Wednesday, June 8, 2016

The many shades of citizen science

Everyone is a citizen but not all have the same kind of grounding in the methods of science. Someone with a training in science should find it especially easy to separate pomp from substance. The phrase "citizen science" is a fairly recent one which has been pompously marketed without enough clarity.

In India, the label of a "scientist" is a status symbol, indeed many actually proceed on paths just to earn status. In many of the key professions (example: medicine, law) authority is gained mainly by guarded membership, initiation rituals, symbolism and hierarchies. At its roots, science differs in being egalitarian but the profession is at odds and its institutions are replete with tribal ritual and power hierarchies.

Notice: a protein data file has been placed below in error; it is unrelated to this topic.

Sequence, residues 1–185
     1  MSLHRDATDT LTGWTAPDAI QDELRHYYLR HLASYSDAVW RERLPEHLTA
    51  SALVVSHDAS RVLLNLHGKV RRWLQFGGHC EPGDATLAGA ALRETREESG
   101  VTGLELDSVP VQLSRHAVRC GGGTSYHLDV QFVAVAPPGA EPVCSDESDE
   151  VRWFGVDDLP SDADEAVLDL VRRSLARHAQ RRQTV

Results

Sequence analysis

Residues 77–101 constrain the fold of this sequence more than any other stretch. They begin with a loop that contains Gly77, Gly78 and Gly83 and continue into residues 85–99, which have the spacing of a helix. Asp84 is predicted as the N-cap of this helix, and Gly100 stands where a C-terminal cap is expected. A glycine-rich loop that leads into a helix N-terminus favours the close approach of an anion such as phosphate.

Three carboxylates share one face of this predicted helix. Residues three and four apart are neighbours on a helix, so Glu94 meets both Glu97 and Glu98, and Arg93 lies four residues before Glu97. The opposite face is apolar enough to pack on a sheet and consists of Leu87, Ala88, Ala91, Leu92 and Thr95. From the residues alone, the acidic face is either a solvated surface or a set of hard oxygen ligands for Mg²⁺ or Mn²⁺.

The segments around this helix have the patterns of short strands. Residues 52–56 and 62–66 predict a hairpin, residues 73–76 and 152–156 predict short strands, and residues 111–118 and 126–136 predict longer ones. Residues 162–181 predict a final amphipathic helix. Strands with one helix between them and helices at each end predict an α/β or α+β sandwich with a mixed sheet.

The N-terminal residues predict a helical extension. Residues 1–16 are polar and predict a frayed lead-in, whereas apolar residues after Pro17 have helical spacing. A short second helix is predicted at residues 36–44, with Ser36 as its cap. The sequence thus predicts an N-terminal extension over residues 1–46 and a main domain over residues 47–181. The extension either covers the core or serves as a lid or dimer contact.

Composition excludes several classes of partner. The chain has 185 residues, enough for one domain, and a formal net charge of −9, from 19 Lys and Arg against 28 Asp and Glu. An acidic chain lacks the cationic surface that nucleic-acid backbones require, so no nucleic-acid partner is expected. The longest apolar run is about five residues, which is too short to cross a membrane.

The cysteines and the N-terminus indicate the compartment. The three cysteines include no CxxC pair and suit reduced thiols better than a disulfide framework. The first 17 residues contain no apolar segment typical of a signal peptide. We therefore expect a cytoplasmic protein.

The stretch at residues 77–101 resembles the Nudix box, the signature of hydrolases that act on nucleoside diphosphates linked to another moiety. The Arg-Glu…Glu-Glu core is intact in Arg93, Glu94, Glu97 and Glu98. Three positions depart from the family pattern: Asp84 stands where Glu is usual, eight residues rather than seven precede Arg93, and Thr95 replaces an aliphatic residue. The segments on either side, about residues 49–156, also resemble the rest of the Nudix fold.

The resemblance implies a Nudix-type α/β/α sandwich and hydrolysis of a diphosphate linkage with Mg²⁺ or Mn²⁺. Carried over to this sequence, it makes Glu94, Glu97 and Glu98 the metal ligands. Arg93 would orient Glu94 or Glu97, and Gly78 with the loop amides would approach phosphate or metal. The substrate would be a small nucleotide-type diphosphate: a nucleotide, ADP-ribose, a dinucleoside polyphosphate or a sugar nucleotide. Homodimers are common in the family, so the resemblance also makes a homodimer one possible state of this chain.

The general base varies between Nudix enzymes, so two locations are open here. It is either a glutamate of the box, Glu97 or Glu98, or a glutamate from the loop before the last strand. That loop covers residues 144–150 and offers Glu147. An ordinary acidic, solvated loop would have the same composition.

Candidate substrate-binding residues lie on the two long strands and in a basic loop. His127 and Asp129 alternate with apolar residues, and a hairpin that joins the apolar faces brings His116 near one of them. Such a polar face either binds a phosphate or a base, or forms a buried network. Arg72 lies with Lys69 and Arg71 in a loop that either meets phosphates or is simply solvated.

Long before the creation of the profession of science, "Victorian scientists" (who of course never called themselves that) pursued the quest for knowledge (i.e. science) and were for the most part quite good as citizens. In the field of taxonomy, specimens came to be the reliable carriers of information and they became a key aspect of most of zoology and botany. After all what could you write about or talk about if you did not have a name for the subjects under study. Specimens became currency. Victorian scientists collaborated in various ways that involved sharing information, sharing /exchanging specimens, debating ideas, and tapping a network of friends and relatives for more. Learned societies and their journals helped the participants meet and share knowledge across time and geographic boundaries.  Specimens, the key carriers of unquestionable information, were acquired for a price and there was a niche economy created with wealthy collectors, not-so-wealthy field collectors and various agencies bridging them. That economy also included the publishers of monographs, field guides and catalogues who grew in power along with organizations such as  museums and later universities. Along with political changes, there was also a move of power from private wealthy citizens to state-supported organizations. Power brings disparity and the Victorian brand of science had its share of issues but has there been progress in the way of doing science?